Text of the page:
Principles Governing the Global Economy

Kurtz, Jürgen , Viñuales Jorge E. and Waibel Michael, ‘Principles Governing the Global Economy’ in Viñuales Jorge E. (ed), The Un Friendly Relations Declaration at 50 an Assesment of the Fundamental Principles of International Law Cambridge University Press), Forthcoming

36 Pages Posted: 26 Mar 2020

See all articles by Jürgen Kurtz

Jürgen Kurtz

European University Institute - Robert Schuman Centre for Advanced Studies (RSCAS)

Jorge E. Vinuales

University of Cambridge

Michael Waibel

University of Vienna - Faculty of Law

Date Written: July 18, 2019

Abstract

The main principles underlying the organisation of the global economy pre-date the Second World War, but mostly as ideas or policies, enshrined in domestic law, in international instruments of limited scope or in aborted attempts at designing far-reaching ones. The Second World War reset the approach to the global economy, either by taking such principles from a bilateral to a global level or by formulating new ones.

Trade liberalization required a managed monetary system, capable of providing stability without hampering the movement of desired investment. Access to new markets, both for goods and capitals, was premised on the end of colonial empires. Yet, the decolonization process and the related development movement brought new challenges to the liberalization effort, including renewed calls for resource and regulatory sovereignty in newly independent and developing countries, as well as the reshaping of the international economic order arising from the war, in a manner that would reflect the special situation of such countries. The legal principles designed by the end of the Second World War thus came to be fundamentally challenged by the very process – decolonization and development – that, initially, had been seen as a condition for their full operation.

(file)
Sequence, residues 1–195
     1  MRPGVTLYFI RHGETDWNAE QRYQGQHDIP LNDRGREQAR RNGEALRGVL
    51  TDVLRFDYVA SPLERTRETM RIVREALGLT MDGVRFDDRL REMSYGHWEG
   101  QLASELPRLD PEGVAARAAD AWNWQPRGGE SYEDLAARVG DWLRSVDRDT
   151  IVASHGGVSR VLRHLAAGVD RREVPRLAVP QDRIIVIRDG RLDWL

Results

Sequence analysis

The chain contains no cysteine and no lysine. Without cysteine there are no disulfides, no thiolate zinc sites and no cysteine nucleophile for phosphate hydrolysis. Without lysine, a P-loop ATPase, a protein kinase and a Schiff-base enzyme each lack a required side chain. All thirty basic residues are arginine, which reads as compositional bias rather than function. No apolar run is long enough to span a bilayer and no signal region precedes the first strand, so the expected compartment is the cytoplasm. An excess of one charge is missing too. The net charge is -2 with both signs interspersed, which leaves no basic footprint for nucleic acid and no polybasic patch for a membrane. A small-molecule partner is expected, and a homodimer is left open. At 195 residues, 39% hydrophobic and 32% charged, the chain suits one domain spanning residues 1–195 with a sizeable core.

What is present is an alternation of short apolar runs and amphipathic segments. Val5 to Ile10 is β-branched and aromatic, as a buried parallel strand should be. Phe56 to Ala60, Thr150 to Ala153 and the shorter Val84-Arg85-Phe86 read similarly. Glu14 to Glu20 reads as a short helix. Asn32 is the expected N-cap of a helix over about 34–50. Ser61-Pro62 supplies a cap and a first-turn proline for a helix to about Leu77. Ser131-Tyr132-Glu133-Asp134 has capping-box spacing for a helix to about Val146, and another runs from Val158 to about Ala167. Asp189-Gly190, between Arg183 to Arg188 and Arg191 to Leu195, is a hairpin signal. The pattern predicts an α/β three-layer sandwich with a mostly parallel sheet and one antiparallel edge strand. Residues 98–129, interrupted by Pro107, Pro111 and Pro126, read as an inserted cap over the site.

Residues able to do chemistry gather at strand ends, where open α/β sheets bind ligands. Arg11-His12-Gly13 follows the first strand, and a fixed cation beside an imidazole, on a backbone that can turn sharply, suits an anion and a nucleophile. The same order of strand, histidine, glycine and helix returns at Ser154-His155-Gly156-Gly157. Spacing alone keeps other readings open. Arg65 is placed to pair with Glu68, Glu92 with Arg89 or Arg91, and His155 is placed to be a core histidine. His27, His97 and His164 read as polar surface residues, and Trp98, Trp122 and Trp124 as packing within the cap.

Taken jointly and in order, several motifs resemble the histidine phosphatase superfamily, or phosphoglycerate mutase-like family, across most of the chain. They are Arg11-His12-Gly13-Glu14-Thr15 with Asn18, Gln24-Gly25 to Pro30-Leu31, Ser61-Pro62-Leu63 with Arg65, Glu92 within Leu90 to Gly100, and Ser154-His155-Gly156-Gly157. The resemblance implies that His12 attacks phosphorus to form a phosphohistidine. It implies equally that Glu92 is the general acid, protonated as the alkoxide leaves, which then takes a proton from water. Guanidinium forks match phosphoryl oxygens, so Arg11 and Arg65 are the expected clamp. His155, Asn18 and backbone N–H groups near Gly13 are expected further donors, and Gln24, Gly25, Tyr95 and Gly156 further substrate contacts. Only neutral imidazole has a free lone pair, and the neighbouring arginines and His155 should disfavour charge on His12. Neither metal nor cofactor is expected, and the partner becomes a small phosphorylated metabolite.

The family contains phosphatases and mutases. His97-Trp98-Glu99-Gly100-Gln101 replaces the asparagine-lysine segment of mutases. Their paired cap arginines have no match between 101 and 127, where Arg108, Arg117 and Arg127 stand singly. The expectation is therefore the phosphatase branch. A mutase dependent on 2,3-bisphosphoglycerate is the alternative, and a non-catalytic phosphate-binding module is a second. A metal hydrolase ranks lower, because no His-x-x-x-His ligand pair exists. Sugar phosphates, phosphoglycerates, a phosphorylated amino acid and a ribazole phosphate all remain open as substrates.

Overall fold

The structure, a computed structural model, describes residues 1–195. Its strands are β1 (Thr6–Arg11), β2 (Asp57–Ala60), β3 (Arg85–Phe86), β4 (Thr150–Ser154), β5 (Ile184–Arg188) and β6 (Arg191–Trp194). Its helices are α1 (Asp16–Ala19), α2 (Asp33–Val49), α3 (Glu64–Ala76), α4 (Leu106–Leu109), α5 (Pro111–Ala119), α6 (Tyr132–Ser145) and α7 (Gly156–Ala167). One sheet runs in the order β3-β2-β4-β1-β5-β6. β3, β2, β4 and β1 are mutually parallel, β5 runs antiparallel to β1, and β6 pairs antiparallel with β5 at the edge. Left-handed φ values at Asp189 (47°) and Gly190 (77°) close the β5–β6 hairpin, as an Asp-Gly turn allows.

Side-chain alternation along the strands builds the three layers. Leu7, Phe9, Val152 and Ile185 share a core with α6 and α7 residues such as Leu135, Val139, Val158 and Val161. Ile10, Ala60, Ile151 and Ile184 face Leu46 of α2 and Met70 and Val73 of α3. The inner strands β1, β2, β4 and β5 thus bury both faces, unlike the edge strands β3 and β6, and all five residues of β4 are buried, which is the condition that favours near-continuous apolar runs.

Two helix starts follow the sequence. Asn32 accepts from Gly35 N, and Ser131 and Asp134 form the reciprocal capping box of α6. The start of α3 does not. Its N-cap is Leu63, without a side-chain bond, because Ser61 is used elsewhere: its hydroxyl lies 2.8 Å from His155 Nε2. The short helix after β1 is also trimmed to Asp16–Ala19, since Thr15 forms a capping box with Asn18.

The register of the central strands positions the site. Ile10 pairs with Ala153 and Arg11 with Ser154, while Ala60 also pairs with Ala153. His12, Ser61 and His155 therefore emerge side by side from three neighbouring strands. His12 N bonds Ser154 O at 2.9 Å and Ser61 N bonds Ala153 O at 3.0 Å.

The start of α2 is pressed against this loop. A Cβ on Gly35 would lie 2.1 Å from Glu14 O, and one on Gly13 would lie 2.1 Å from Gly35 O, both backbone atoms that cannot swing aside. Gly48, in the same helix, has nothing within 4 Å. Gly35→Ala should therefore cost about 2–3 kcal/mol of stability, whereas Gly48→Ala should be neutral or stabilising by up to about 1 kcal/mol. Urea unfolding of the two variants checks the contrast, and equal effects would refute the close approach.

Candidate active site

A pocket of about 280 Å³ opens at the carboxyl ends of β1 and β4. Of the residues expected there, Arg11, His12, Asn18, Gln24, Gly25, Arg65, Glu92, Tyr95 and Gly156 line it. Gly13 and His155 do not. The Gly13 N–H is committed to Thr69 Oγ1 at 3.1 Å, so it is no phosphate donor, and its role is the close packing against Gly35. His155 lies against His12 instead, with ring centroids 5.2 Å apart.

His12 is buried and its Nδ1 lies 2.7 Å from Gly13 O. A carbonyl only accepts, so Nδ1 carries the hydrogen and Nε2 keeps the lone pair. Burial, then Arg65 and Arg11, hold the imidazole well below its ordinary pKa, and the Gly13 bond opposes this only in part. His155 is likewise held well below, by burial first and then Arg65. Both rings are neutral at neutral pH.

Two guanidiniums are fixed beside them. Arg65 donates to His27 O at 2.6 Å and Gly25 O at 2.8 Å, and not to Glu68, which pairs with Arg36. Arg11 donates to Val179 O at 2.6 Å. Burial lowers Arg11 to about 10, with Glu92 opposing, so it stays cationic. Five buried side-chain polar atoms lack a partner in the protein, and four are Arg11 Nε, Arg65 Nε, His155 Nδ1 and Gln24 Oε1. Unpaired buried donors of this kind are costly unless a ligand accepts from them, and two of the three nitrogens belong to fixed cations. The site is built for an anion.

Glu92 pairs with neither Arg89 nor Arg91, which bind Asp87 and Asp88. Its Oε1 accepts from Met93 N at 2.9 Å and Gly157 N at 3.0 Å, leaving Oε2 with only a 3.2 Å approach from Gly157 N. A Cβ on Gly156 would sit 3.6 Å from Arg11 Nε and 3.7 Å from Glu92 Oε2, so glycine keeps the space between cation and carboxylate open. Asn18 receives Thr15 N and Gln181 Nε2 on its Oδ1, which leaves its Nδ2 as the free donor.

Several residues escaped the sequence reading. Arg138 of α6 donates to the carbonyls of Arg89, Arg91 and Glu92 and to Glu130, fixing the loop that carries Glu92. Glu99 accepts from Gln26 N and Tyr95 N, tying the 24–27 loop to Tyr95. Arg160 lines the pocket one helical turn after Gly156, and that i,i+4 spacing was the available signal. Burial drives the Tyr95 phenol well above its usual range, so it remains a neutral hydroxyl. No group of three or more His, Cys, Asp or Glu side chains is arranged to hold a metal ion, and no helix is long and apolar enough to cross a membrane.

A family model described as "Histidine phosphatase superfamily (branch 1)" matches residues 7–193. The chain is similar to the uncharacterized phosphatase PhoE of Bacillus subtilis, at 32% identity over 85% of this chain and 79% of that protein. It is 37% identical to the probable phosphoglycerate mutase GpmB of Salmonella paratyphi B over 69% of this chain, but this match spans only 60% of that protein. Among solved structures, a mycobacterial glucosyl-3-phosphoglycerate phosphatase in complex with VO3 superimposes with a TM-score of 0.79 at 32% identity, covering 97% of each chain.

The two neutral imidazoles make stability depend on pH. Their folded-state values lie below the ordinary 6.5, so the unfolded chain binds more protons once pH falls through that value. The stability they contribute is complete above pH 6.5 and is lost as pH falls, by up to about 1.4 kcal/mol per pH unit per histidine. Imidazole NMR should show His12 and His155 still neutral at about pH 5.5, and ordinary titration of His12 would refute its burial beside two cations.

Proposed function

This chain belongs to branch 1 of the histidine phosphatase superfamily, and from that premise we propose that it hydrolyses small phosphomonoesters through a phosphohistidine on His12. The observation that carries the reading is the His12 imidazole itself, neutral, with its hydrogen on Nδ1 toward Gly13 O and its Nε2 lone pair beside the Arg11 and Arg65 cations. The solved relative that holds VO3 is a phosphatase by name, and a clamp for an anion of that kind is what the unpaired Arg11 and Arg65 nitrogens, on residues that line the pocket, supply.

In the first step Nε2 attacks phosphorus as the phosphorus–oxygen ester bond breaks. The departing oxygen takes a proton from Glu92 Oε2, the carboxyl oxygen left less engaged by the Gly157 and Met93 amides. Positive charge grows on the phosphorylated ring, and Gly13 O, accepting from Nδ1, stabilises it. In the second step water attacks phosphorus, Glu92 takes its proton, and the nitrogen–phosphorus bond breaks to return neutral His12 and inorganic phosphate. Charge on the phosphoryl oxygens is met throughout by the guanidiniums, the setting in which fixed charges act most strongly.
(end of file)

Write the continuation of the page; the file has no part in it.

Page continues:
In this broad context, this chapter analyses the three separate legal regimes (trade, monetary and financial relations, foreign direct investment) through which what has been called ‘embedded liberalism’ has found expression since the mid twentieth century, with fluctuations, until the present day. This examination provides the basis for a concise contemporary assessment and outlook offered by way of conclusion.

Suggested Citation

Kurtz, Jürgen and Vinuales, Jorge E. and Waibel, Michael, Principles Governing the Global Economy (July 18, 2019). Kurtz, Jürgen , Viñuales Jorge E. and Waibel Michael, ‘Principles Governing the Global Economy’ in Viñuales Jorge E. (ed), The Un Friendly Relations Declaration at 50 an Assesment of the Fundamental Principles of International Law Cambridge University Press), Forthcoming. Available at SSRN: https://ssrn.com/abstract=3537593 or http://dx.doi.org/10.2139/ssrn.3537593

Jürgen Kurtz

European University Institute - Robert Schuman Centre for Advanced Studies (RSCAS) ( email )

Villa La Fonte, via delle Fontanelle 18
50016 San Domenico di Fiesole
Florence, Florence 50014
Italy

Jorge E. Vinuales

University of Cambridge ( email )

19 Silver Street
Cambridge
United Kingdom

Michael Waibel (Contact Author)

University of Vienna - Faculty of Law ( email )

Schottenbastei 10-16
Vienna, A-1010
Austria

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